Something odd happened across the last six weeks, as the Washington Nationals went from wasting their season to wrangling it: Almost everything went right.
The Nationals went 28-11 from May 24 to July 7, baseball’s best record for that stretch. But since they began their march in fourth place in the National League East, and way down the wild card standings, they also needed a lot of help. That’s when the New York Mets flatlined, and the Philadelphia Phillies struggled, too, and even the Milwaukee Brewers lost enough for Washington to make up all kinds of ground before the All-Star break. They did their part against weak opponents, and they also got lucky, and that combination breathed belief into a club that once looked ready to spend this month selling players.
“It’s awesome that we played as well as we played,” Nationals closer Sean Doolittle said. “But when you would glance up at the standings every couple of days just to see what else was going on, every time it seemed like, ‘Oh my gosh, we just made up like two or three games.’ That almost gives you that confidence and helps you continue that momentum.”
The Nationals didn’t depend on other teams to save their season. That had to start in their clubhouse and by cleaning up their own play. But that they benefited from others losing, and a favorable schedule heading into the break, is worth noting as the focus shifts to what’s next. Washington is atop the wild-card standings, six games back of the Atlanta Braves in the National League East, and only has a fighting chance because it won more than 70% of its last 40 games.
That will be very hard to sustain, especially considering that the Nationals recently went 10-2 against the Miami Marlins, Detroit Tigers and Kansas City Royals, who are all bee-lining toward 100 losses. Those teams that stumbled through June, namely the Phillies and Brewers, are looking to buy before the deadline and should pick it up. But since the Nationals are back in contention — way more than they could say when summer began — their hardest task is ahead. A new life will only matter if they do something with it.
“We have a lot of games left,” second baseman Brian Dozier said after Washington closed the first half with a win over the Royals. “It’s a long season.”
In March, April and most of May, when the Nationals were falling miles short of expectations, their veterans often reached for the same language: It’s early. There are 162 games in the season. We have time. Then, they felt like unconvincing reasons not to panic, the expected cliches, a way to shift the conversation into an uncertain future. Now it’s a reminder of how much work remains.
The Nationals begin the second half with three games in Philadelphia, then close the month with two against the Baltimore Orioles, four with the Braves in Atlanta, three with the Colorado Rockies, three home dates with the Braves and three with the Los Angeles Dodgers, who have the league’s best record. It is a stretch that could break their season as quickly as it was restored. The Phillies series provides an immediate chance to separate themselves in second place. Seven matchups with the Braves will determine if Washington can really compete in the division. A set with the Dodgers will be a good measuring stick. If the Nationals can take 43 of their final 73 games, just under a .600 winning percentage, they’ll finish with 90 wins and be right in the playoff mix.
And what gives them confidence to do that, now and always, is their rotation. They have Stephen Strasburg, Patrick Corbin and Max Scherzer lined up to face the Phillies, in that order, which means they’ll also each square off with the Braves next weekend. Scherzer’s past nine starts have been the best stretch of his career. Corbin has gone seven innings and given up one run or fewer in his last three outings. Strasburg has been steady all season, pitching six in all but three of his 18 appearances, and most recently struck out 14 in a win over the Marlins.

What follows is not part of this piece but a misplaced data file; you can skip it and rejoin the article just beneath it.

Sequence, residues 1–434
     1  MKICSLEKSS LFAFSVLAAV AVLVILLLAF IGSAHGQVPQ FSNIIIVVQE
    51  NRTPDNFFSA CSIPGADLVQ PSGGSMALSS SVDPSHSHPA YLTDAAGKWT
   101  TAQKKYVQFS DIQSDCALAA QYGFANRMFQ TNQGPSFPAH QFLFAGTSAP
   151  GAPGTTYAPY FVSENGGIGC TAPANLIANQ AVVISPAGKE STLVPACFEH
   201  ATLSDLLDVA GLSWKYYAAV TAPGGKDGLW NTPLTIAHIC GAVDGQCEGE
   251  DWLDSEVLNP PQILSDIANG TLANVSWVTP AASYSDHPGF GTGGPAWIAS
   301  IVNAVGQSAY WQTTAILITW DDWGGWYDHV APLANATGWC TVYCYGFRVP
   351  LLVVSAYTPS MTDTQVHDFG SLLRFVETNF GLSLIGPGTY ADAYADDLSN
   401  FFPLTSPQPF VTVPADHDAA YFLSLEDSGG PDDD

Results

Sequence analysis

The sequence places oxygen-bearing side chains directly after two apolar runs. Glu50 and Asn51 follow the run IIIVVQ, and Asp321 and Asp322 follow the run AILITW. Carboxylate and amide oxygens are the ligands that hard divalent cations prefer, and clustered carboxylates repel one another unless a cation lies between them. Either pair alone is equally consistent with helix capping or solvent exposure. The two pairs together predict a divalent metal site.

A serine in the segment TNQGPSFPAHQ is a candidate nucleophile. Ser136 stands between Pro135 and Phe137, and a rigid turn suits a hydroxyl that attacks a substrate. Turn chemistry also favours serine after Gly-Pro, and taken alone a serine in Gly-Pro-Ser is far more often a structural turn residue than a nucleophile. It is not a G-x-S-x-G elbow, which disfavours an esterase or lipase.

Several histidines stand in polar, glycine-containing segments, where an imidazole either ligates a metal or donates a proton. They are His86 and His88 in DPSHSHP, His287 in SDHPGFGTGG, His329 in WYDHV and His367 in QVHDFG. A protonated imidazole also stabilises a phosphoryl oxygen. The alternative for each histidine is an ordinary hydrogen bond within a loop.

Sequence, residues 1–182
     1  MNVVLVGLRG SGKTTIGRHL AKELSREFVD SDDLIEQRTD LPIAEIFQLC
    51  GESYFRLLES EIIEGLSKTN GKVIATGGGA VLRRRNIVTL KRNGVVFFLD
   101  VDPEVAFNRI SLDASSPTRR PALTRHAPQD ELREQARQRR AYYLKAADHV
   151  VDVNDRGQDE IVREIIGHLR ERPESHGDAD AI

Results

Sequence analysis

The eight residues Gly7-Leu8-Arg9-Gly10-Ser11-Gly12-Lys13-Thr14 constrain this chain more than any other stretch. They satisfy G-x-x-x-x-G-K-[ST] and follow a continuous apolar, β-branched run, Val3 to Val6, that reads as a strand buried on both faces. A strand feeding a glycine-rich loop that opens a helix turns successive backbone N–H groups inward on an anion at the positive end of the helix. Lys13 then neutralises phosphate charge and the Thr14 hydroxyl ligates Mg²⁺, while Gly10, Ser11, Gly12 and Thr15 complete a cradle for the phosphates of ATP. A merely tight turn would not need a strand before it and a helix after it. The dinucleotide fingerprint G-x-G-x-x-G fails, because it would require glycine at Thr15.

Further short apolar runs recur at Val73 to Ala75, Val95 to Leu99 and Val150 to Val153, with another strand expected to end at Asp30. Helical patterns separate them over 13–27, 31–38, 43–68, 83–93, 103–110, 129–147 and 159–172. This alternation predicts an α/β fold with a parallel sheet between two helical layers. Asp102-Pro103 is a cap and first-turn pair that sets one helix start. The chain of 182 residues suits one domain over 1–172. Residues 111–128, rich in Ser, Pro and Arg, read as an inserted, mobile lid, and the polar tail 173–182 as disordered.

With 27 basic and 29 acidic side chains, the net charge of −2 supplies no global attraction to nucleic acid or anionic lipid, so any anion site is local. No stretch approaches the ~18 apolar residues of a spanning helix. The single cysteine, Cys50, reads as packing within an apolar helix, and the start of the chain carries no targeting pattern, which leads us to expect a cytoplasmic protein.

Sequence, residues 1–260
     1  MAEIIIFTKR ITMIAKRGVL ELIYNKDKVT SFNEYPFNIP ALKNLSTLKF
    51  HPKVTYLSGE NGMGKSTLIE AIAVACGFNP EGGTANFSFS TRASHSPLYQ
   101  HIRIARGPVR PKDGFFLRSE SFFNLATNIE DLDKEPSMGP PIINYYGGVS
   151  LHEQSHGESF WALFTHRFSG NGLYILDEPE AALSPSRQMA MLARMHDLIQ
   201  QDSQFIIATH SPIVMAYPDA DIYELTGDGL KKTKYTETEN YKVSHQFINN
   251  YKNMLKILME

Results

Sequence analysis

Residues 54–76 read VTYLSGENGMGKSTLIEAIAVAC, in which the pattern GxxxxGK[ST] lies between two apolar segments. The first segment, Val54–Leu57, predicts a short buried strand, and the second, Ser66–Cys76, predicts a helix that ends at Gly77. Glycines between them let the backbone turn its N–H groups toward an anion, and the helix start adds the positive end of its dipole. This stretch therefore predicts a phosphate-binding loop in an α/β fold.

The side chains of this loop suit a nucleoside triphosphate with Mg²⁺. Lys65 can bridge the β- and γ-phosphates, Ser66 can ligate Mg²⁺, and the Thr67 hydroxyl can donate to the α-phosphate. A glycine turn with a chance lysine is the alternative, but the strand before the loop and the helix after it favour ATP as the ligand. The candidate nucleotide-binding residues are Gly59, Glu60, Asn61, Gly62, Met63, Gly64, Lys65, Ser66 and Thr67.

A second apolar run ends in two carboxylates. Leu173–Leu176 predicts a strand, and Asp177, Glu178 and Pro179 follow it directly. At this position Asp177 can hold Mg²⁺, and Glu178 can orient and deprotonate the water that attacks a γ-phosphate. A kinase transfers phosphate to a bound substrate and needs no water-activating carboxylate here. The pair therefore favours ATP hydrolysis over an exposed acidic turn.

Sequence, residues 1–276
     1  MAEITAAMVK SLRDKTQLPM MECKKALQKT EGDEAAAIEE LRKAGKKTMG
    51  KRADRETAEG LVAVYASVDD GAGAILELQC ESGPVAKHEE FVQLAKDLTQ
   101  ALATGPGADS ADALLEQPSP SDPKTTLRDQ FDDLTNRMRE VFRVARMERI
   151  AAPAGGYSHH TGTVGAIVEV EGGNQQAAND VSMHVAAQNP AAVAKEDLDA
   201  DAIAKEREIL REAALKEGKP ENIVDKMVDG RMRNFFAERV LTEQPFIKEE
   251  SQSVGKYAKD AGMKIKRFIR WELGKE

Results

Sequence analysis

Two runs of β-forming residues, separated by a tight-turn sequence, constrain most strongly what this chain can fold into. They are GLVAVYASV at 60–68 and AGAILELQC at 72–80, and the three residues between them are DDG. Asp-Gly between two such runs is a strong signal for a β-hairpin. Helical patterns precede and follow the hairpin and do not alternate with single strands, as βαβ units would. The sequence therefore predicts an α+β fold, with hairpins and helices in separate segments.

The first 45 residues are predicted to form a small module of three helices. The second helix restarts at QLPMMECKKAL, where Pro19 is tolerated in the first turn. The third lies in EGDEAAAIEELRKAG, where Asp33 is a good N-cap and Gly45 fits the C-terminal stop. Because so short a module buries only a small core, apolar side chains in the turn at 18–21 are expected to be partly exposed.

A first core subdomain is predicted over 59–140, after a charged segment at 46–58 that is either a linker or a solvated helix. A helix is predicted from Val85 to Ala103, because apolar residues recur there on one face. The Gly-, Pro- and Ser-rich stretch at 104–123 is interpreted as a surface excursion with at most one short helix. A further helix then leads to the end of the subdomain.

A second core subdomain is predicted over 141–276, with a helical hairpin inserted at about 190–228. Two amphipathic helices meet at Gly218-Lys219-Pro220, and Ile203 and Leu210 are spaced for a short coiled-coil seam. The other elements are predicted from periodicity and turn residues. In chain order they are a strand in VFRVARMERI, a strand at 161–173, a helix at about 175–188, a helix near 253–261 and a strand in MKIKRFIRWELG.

The staff as a whole, including Aníbal Sánchez and Austin Voth, has a 1.94 ERA across Washington’s last 12 games. The offense has supported its effort, despite short slumps, and players including Anthony Rendon, Trea Turner and Juan Soto just got a needed four days of rest. And while the bullpen is still a big question mark, going from historically bad to plainly unreliable, the Nationals have succeeded despite it. So the rotation is dominant besides its fifth starter, the offense does its job and the team could use a reliever or two off the trade market. It’s not a bad spot to be in.
“We’re going to see what the needs of the team are, we’re going to see where we’re at what opportunities we have to make any kind of changes,” said general manager Mike Rizzo, back on June 26, when asked how he’d approach the trade deadline. “And as we’ve done in the past, we’ve been buyers, we’ve been sellers, we’ve been a kind of a mixture of buying and selling at the same time, so this is our time to evaluate.”
That time has passed and, with two weeks of winning, the Nationals proved worthy of additional investment. Last summer, once a last-ditch effort petered out, their perspective shifted way into the future. Rizzo sent Daniel Murphy to the Chicago Cubs, and Matt Adams to the St. Louis Cardinals, and Ryan Madson to the Los Angeles Dodgers, and Gio Gonzalez to the Brewers, so they could help contending teams. The team saved a bit of money. They found comfort in Soto’s breakout rookie year, and Victor Robles’ second call-up, and how the rest of their returning core could flip their fortunes in 2019.
And while it once seemed like this August would be the same, another tired trot toward a disappointing finish, that suddenly changed. The Nationals earned themselves a chance, got a few assists along the way, and can stare down the second half with a purpose. Because now their most important test begins.